“The HBO throne has become iconic. And well it might. It’s a terrific design, and it has served the show very well. There are replicas and paperweights of it in three different sizes. Everyone knows it. I love it. I have all those replicas right here, sitting on my shelves.
And yet, and yet… it’s still not right.”
So spake George R. R. Martin, who recently posted an illustration on his Not A Blog of what he’s always imagined the Iron Throne from A Song of Ice and Fire to be. It makes our collective blood run a little cold, though it certainly inspires some serious awe.
Take a look below at the full illustration, created by Marc Simonetti for the upcoming Song of Ice and Fire companion book The World of Ice and Fire.
That’s… vaguely horrifying. We love it.
Here’s what Martin has to say on this rendering, after paying his respect to the HBO version:
“It’s a rough, not a final version, so what you see in the book will be more polished. But Marc has come closer here to capturing the Iron Throne as I picture it than any other artist to tackle it. From now on, THIS will be the reference I give to every other artist tackling a throne room scene. This Iron Throne is massive. Ugly. Assymetric. It’s a throne made by blacksmiths hammering together half-melted, broken, twisted swords, wrenched from the hands of dead men or yielded up by defeated foes… a symbol of conquest…”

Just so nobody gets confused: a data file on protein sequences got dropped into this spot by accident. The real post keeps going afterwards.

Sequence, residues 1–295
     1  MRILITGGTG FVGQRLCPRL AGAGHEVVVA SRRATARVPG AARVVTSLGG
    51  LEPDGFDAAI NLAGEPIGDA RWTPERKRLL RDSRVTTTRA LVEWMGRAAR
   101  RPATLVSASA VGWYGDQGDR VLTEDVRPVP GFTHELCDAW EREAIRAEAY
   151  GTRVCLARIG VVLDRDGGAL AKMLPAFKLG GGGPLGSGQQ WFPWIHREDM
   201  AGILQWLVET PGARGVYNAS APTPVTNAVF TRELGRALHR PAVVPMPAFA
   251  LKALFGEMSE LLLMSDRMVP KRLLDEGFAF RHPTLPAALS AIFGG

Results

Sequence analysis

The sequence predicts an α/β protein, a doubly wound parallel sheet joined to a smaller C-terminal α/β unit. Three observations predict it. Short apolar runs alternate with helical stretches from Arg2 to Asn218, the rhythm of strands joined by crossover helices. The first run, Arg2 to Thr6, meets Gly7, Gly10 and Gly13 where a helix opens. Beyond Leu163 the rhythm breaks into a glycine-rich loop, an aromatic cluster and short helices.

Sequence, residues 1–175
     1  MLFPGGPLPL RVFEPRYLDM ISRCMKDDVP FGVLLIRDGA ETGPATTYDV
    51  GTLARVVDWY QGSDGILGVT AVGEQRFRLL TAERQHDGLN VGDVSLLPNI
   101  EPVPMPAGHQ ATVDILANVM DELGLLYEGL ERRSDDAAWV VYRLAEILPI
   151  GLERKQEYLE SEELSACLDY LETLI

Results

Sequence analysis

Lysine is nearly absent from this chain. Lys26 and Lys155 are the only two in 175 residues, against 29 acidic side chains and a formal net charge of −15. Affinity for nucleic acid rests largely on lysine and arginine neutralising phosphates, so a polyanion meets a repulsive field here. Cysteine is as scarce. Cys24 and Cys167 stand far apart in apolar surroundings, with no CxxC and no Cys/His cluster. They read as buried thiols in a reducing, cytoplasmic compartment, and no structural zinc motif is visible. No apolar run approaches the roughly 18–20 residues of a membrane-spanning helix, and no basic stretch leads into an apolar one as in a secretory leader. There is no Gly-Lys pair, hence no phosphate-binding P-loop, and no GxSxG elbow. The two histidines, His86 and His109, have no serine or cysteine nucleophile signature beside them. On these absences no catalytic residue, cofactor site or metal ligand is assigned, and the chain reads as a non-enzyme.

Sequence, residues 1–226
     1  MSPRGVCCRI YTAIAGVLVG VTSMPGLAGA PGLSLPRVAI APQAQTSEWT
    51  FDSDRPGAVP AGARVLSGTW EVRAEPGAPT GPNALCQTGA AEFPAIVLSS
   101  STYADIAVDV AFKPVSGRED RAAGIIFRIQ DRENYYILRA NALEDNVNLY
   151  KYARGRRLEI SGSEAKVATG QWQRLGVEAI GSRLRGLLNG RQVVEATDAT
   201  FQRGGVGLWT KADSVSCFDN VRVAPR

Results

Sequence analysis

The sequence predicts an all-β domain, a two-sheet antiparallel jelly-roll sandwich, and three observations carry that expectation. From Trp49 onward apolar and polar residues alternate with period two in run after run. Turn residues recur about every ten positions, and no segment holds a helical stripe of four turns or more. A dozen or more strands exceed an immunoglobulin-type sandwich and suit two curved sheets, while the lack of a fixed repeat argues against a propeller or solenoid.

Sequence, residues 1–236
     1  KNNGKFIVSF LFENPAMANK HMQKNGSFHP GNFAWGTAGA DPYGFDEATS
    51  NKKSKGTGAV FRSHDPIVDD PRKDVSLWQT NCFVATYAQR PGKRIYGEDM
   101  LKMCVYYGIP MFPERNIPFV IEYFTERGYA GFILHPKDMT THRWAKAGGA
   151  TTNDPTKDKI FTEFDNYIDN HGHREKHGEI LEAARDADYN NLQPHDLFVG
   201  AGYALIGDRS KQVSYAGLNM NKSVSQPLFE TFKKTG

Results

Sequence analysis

We think this illustration did the trick in terms of capturing the words that Martin put on paper. As he points out on his blog, the throne was originally constructed of words, not metal, which might be the reason why it’s such a difficult thing to smith into reality. And if we can look forward to more gorgeous artwork like this, The World of Ice and Fire is bound to mesmerize us not too far in the future….
Stubby the Rocket is the mascot of Tor.com. Stubby think it wouldn’t kill the blacksmiths to make some cup holders for the throne. At least not like how Joffrey would kill the blacksmiths.